A secular state with a strong fire-wall between civil and religious spheres has served well for a while but it too will show teeth to those who do not submit to the worldly authority when it decides to govern religion or to ban it. Arthur C Clark - hardly a friend of Christianity - wrote in 3001 a space whatever (I can't remember the full title) about a period between 2001 AD and 3001 AD when there was a religious world war between Islam and Christianity and maybe some other religions too that so scarred human conceptions about God that "God" became a very nasty word and people would only say "deity" and no religion survived the wars. Perhaps that's an atheist dream but I can see that if the world's religions keep on their current paths and if the civil governments keep doing what they do now it will not be too long before there is a serious conflict over "God" and maybe Clark's 'vision' will become reality.

            Maybe the best path for Christians today is to keep a very light hand on politics and its pholosophies and let the world wander down its own paths while sticking to the gospel and proclaiming it rather than fighting one christian against another over which kind of economics and politics is best.[/FONT]
            Last edited by peppermint; 07-10-2015, 08:50 AM.
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            • #7
              Originally posted by peppermint View Post
              No, I obviously do not mean any such thing. But your reply is in line with the corrupting influence of attachment to a political philosophy.
              Why not so obvious? Because he is your pope? My reply is in line with a corrupting influence...?

              I suggest you elaborate,
              William
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              • #8
                [FONT=trebuchet ms]In reply to post #7, the posts about conservatism and its opposite that I've seen from your had seem to be too one sided as if there is more of an attachment to the political philosophy than seems healthy to me.

                Francis is no more my pope than he is yours, but that seems quite irrelevant to the topic under discussion. Suffice it to say that the original post is about political philosophy rather than being about the Pope's critique of aspects inherent in capitalism (which is something of an economic theory).[/FONT]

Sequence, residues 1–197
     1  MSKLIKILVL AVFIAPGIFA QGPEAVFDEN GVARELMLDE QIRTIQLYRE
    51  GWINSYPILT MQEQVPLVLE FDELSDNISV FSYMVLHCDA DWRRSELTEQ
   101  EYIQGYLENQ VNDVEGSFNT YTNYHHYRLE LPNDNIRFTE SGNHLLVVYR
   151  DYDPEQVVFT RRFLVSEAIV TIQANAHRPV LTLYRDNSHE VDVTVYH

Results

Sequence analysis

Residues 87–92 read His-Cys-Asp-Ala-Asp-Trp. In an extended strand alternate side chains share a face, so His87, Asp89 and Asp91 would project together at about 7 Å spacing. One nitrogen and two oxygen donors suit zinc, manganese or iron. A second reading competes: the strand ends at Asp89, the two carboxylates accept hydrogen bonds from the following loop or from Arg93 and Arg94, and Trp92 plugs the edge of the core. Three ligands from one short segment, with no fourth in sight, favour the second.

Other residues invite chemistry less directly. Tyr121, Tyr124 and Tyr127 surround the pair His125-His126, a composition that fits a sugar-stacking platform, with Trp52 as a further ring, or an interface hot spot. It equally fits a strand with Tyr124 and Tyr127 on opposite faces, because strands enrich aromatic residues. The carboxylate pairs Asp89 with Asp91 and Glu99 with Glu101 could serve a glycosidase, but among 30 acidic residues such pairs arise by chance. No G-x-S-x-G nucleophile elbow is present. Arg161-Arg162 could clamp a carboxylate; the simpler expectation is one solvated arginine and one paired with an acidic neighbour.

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                • #9
                  Originally posted by peppermint View Post
                  Suffice it to say that the original post is about political philosophy rather than being about the Pope's critique of aspects inherent in capitalism (which is something of an economic theory).
                  And I agree, this post belongs under philosophy and will be moved to that category.

                  William
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                  • #10
                    [FONT=trebuchet ms]It does not matter which forum this thread is moved to the same factors are in play; either Christ is Lord or somebody else is and it is where one places one's treasure that one's heart will be. [/FONT]
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                    • #11
                      Then why not put your thoughts toward Heaven? There will be people who have greater reward in Heaven than others based on their works. That's how God works. How dare any communism-minded #$?&& suggest that everybody should have equal share? You call that fairness? ("You" is any communist, not a certain person.) Why should anyone bother to achieve greatness if his reward for that effort is taken away by a "fair" tyrannical government. God rewards us according to our works, so some will have more than others in Heaven. Communism fairness goes against God's economics. In America, we attempted to run our country that way but are losing our freedoms because of too many stupid people who try to adhere to this so-called fairness. It sounds like you may have more than I do, so why not send some of it my way? In return, I'll just be an ungrateful jerk who feels entitled to what other people have, or that they should only have what I have, which isn't much, but more than others. Where do we draw the line? You can't. That is why we ought to run our economics the way God does.
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                      • #12
                        Originally posted by Stratcat View Post
                        . How dare any communism-minded #$?&& suggest that everybody should have equal share? You call that fairness? ("You" is any communist, not a certain person.) Why should anyone bother to achieve greatness if his reward for that effort is taken away by a "fair" tyrannical government.